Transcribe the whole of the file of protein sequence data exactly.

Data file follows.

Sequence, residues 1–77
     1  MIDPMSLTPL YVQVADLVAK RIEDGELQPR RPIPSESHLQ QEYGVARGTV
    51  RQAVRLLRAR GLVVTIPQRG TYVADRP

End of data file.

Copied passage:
Sequence, residues 1–77
     1  MIDPMSLTPL YVQVADLVAK RIEDGELQPR RPIPSESHLQ QEYGVARGTV
    51  RQAVRLLRAR GLVVTIPQRG TYVADRP